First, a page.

New play asks Indigenous Peoples whether to stay the course or chart a new path

APTN News (Canada)
Pub Date: 
Tuesday, October 8, 2019 - 07:17

Jolene Banning
The world premiere of The Third Colour, a thought provoking but funny new play by Anishinaabe playwright Ian Ross is on stage now at the Prairie Theatre Exchange in Winnipeg.

The Third Colour follows two spirits that take the shape of Indigenous women, Agatu and Head Full of Lice, as they take us through the history of Canada from pre-settler contact to today.

“If you looked at the world right now, the state the world is in, are you ok with that and if not do you want to see it change?” asks Ross.

“As a playwright as an artist I want things to change because they can get better”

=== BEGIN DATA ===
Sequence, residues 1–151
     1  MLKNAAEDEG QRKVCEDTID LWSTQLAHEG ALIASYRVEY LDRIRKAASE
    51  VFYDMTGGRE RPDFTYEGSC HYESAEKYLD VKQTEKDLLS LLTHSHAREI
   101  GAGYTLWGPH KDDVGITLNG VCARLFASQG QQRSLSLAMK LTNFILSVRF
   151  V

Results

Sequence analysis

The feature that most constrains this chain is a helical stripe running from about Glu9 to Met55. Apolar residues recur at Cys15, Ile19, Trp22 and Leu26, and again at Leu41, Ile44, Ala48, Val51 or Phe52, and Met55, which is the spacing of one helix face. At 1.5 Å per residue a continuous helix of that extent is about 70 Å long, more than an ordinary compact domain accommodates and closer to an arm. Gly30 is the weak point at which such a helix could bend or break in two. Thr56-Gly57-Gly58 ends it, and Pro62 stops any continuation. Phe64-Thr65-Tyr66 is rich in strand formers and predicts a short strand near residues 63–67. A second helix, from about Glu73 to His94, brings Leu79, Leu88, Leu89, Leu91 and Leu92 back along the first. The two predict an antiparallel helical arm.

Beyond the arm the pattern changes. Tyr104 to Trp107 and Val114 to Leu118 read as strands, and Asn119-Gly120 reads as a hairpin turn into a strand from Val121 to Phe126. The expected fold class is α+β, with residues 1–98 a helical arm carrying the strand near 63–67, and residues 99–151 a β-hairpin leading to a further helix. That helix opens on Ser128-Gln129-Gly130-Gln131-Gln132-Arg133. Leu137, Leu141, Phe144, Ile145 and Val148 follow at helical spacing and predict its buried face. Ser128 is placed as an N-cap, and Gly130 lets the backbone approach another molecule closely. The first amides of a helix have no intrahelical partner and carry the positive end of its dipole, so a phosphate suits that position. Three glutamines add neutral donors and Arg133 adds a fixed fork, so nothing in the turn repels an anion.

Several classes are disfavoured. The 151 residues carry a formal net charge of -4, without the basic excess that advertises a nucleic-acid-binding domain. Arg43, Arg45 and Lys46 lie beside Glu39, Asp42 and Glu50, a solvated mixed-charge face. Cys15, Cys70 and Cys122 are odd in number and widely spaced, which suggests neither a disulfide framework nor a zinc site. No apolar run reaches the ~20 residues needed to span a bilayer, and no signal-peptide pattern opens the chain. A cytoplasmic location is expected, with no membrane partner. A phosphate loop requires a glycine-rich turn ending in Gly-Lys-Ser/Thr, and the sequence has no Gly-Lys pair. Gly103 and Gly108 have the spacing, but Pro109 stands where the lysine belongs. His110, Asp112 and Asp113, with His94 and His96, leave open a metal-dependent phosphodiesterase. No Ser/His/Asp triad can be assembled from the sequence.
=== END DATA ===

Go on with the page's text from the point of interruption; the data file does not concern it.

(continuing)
Although the matter is serious, the play is sprinkled with dashes of humour.

It asks asks questions of Indigenous identity.

One of the charactters has little to no context of their people because of the violence they have suffered at the hands of settlers, and the goal to assimilate or erase them altogether.

Since settler contact, so much of Indigenous identity, culture, and spirituality has been met with violence in Canada’s attempt to assimilate Indigenous Peoples.

It left Ross wondering whether Canada can truly achieve truth and reconciliation without embracing the people that made the country possible.

Ross is often asked why he uses humor to tackle these heavy topics. He says